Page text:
Author: Rhodes, Jewell Parker
After seventh-grader Jerome is shot by a white police officer, he observes the aftermath of his death and meets the ghosts of other fallen black boys including historical figure Emmett Till.
Download a Teacher's Guide
|Accelerated Reader Information:|
Interest Level: MG
Reading Level: 3.00
Points: 3.0 Quiz: 194391
|Reading Counts Information:|
Interest Level: 6-8
Reading Level: 3.20
Points: 6.0 Quiz: 73250
Kirkus Reviews (02/15/18)
School Library Journal (+) (01/01/18)
Booklist (+) (02/01/18)
The Bulletin of the Center for Children's Books (00/04/18)
Full Text Reviews:
School Library Journal - 01/01/2018 Gr 4–8—The Towers Falling author once again tackles a timely yet difficult subject. In Chicago, 12-year-old black youth Jerome is shot and killed by a white police officer who mistakes a toy gun for a real one. As a ghost, Jerome witnesses the aftermath gripping both his family and that of the police officers. Jerome also meets another ghost—that of Emmett Till, a black boy murdered in 1955. Through Till's story, he learns of the hundreds of other "ghost boys" left to roam and stop history from continually repeating itself. The only person who can see Jerome is the daughter of the white police officer, Sarah, and through her eyes, he realizes that his family isn't the only one affected by the tragedy. Two families are destroyed with one split decision, and Sarah and Jerome together try to heal both of their families, along with Jerome's friend Carlos. It was Carlos' toy gun that Jerome was playing with, leaving Carlos with great guilt and the intense desire to protect Jerome's little sister, Kim, from bullies and other sorrows. Deftly woven and poignantly told, this a story about society, biases both conscious and unconscious, and trying to right the wrongs of the world. VERDICT Rhodes captures the all-too-real pain of racial injustice and provides an important window for readers who are just beginning to explore the ideas of privilege and implicit bias.—Michele Shaw, Quail Run Elementary School, San Ramon, CA - Copyright 2018 Publishers Weekly, Library Journal and/or School Library Journal used with permission.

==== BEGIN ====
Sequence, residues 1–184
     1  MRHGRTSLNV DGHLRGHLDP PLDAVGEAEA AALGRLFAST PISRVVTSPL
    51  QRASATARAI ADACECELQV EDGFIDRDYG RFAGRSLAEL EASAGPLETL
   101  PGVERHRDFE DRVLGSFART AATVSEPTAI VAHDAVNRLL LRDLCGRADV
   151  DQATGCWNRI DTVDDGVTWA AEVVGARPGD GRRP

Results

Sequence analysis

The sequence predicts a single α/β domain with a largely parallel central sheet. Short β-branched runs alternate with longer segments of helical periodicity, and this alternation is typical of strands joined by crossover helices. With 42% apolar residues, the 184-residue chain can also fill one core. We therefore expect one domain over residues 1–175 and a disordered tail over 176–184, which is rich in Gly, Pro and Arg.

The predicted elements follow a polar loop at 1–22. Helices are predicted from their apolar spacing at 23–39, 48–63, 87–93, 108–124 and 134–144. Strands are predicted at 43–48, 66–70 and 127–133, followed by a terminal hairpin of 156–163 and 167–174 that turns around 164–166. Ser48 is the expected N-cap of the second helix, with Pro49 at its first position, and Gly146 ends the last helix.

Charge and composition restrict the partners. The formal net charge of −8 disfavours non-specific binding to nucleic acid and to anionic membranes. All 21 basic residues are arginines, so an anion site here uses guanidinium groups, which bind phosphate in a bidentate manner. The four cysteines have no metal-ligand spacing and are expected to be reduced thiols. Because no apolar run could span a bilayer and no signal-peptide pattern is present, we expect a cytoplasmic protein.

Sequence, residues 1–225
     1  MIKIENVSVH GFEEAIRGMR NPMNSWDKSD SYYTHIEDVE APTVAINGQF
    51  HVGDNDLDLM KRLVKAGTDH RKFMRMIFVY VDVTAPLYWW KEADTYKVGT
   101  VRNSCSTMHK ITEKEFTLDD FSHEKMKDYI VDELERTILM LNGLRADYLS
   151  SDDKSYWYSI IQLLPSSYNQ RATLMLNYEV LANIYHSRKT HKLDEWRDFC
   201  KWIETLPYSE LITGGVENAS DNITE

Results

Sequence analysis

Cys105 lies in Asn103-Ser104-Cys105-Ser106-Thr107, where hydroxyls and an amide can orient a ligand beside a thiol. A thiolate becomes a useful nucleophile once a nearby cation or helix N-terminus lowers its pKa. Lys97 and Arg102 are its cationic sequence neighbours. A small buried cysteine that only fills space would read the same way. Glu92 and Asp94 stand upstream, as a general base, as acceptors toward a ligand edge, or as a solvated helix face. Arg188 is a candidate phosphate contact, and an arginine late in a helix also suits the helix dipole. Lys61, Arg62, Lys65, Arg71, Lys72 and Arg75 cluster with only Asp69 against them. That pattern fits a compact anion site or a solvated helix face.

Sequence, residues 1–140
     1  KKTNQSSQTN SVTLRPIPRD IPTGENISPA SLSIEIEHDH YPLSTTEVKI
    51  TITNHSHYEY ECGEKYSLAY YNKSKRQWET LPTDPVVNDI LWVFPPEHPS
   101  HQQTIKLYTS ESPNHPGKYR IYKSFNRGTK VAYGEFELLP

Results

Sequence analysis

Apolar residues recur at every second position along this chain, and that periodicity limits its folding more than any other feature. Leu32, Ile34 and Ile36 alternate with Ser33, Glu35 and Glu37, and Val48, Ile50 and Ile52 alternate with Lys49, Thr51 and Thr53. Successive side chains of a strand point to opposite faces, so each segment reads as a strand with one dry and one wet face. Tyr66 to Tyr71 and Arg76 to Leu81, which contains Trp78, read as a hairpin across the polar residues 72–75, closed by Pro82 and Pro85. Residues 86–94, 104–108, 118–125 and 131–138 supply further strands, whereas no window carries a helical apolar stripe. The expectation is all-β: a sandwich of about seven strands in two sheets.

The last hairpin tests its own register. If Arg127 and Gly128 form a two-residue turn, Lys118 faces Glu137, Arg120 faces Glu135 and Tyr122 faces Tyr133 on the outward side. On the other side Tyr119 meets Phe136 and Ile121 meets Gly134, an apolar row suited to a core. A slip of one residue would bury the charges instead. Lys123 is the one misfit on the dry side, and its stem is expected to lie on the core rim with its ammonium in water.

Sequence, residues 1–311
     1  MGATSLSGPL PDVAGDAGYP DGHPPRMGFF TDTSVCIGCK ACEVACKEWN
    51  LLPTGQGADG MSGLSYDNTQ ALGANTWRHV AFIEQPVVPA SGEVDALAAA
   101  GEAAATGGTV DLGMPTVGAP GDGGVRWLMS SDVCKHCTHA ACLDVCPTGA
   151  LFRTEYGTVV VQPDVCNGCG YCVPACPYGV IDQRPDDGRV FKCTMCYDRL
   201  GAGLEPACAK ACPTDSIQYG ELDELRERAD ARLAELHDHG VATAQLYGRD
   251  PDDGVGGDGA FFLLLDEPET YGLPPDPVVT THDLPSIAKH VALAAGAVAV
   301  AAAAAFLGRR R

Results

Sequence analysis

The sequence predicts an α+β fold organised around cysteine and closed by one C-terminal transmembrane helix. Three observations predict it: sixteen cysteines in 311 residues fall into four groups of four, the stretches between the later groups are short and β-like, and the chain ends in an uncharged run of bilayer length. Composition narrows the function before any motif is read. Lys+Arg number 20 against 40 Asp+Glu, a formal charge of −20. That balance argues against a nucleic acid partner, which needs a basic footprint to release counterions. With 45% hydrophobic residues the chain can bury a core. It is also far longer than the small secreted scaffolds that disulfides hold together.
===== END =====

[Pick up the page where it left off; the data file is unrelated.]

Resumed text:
Booklist - 02/01/2018 *Starred Review* Jerome, a young black boy gunned down while playing in a park with a toy gun, invites readers to bear witness to his story, to the tragedy of being dispatched simply because of a policeman’s internalized prejudice masquerading as fear. One day at school, while he and his new friend Carlos are being bullied, Carlos pulls out a toy gun to scare their attackers. Afterward, he gives it to Jerome so he can have a chance to play with it, to pretend that he is in charge. But when he is shot in the back while running from the police, his soul leaves his body and he becomes one of the army of ghost boys hoping to communicate with those still consumed with racial bias. While looking in on the preliminary court hearing, Jerome realizes that the police officer’s daughter can see and talk to him, and together they try to understand how the world around them could be so cruel. Rhodes (Sugar, 2013; Towers Falling, 2016) beautifully weaves together the fictional and the historical—Jerome comes across the ghosts of real-life individuals like Emmett Till and Trayvon Martin—in this gripping and all-too-necessary novel about police brutality, injustice, and the power of bearing witness to the stories of those who are gone. - Copyright 2018 Booklist.